January 31, 2016
The Big Implications of Big Data
Data generation isn’t slowing down. As noted by CloudTweaks, just 6 percent of data is now stored in physical format; the remaining 94 percent is digital. What’s more, 90 percent of all information created by humans has come into existence over the last two years. These are broad strokes but demand a specific response: Big data. By collecting, analyzing and then acting on this emerging stream of data, it’s possible for companies to capitalize on consumer or manufacturing trends before they become common knowledge. However, big data comes with big implications for business processes.
While adopting a big data solution can help manage the influx of data across network endpoints, it can’t stem the tide of this data or predict the speed or volume of informational “traffic.” As a result, companies must be prepared for changing traffic patterns across wide area networks (WANs) as they dig deeper into actionable data. The big implication here? That big data isn’t a “break” for local IT. Instead, it requires a new kind of oversight that focuses on network elasticity and agility to handle the changing demands of data streams.
According to Forbes, another implication of big data adoption is the problem of unknown questions. Data now multiplies at such a rate that it’s possible for companies to glean answers about almost anything — but if they aren’t asking relevant questions, these answers are meaningless. Running catch-all queries could produce a myriad of results detailing the behavior and preferences of customers; in isolation, however, these results often leave companies more confused than confident. The answer? Some organizations are turning to data scientists and other professionals to help design an ideal series of questions, while others curate their queries using line-of-business (LOB) outcomes to ensure results are actionable and timely.
As noted by an IBM Redbook Whitepaper, dealing with big data can have serious implications for network performance, especially when it comes to managing workloads. For example, many businesses rely on multiple Hadoop nodes to effectively distribute processing tasks across their infrastructure, but if one of these nodes fails, the results can range from restarted analysis to massive network slowdown — in turn crippling other critical systems. Here, the solution lies with performance on demand — companies must partner with providers that allow resource increases or reductions on the fly.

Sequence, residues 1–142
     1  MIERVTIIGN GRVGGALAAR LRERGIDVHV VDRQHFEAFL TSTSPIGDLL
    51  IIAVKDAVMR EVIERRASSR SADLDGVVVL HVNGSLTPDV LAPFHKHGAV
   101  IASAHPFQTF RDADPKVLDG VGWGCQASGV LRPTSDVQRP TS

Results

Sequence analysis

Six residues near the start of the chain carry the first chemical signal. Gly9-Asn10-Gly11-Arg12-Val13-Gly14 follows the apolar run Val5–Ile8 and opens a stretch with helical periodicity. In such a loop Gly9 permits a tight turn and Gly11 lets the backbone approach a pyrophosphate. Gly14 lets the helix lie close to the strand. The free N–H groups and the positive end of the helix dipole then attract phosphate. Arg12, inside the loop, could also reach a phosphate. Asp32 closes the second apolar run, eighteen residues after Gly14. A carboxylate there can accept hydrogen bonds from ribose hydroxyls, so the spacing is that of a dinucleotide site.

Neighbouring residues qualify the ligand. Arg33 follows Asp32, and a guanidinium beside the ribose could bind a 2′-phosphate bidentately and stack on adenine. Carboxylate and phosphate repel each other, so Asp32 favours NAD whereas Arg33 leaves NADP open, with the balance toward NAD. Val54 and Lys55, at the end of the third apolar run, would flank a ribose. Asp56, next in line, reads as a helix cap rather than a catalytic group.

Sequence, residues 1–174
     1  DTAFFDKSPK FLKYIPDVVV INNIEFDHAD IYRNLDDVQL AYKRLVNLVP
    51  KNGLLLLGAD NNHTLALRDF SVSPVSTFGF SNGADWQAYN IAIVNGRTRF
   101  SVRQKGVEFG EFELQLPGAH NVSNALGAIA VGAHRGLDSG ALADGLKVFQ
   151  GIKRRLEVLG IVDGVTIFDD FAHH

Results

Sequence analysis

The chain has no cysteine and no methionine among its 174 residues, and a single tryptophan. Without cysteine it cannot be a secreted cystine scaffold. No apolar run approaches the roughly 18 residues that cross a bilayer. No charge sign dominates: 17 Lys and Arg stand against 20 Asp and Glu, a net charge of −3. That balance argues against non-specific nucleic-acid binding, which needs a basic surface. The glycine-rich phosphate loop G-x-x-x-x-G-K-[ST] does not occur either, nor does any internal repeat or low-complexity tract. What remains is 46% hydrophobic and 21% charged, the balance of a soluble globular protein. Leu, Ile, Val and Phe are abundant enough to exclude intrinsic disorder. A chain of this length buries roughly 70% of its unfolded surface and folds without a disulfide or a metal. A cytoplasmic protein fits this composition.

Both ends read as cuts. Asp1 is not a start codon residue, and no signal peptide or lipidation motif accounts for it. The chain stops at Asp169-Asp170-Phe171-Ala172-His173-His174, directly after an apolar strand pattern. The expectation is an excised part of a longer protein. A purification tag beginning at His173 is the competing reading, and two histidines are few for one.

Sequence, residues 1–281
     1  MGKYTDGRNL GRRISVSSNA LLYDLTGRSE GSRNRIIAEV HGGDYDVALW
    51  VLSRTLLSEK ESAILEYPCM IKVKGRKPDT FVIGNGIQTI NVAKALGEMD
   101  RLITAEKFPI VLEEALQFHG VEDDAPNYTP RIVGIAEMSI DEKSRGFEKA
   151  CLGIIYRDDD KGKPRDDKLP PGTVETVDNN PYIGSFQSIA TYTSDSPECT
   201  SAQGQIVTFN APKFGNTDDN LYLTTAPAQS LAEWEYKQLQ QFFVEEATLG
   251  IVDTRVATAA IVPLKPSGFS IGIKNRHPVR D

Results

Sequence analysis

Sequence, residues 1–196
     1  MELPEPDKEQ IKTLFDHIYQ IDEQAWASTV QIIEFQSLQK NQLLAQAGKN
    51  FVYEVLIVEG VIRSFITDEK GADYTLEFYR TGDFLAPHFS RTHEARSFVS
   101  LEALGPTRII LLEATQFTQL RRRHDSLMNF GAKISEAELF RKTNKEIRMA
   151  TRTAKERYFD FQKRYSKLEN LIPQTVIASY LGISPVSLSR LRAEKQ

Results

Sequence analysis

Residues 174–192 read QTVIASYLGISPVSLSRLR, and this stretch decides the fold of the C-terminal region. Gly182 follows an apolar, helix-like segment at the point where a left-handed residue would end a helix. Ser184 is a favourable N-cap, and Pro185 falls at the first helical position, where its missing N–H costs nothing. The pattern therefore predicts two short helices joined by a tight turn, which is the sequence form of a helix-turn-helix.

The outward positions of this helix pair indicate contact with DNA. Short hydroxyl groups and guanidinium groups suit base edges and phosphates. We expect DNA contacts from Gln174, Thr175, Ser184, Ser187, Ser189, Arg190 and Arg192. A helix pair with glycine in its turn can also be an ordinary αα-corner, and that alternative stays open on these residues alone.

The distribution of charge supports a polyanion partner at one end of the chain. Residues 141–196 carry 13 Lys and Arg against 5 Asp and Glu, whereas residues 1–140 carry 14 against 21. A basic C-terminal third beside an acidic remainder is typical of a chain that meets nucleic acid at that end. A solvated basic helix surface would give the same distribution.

Not all big data implications come with warnings and worry. Properly managed, big data volumes offer the potential for high-speed insight that not only draws from existing data sources, but also leverages data in transit to produce real-time, actionable results. Put simply, with the right infrastructure in place, companies can meet big data on their own terms and ensure that relevant relationships are never ignored. Achieving this goal means meeting the challenges of access latencies, rapid interpretation and response times. Though with the right vendor partnerships, companies can offload much of this work to responsible third parties and instead focus on end results.
Considering the adoption of a big data solution? Be prepared; going big means dealing with traffic patterns, question volumes and performance permeability to achieve insight at speed.
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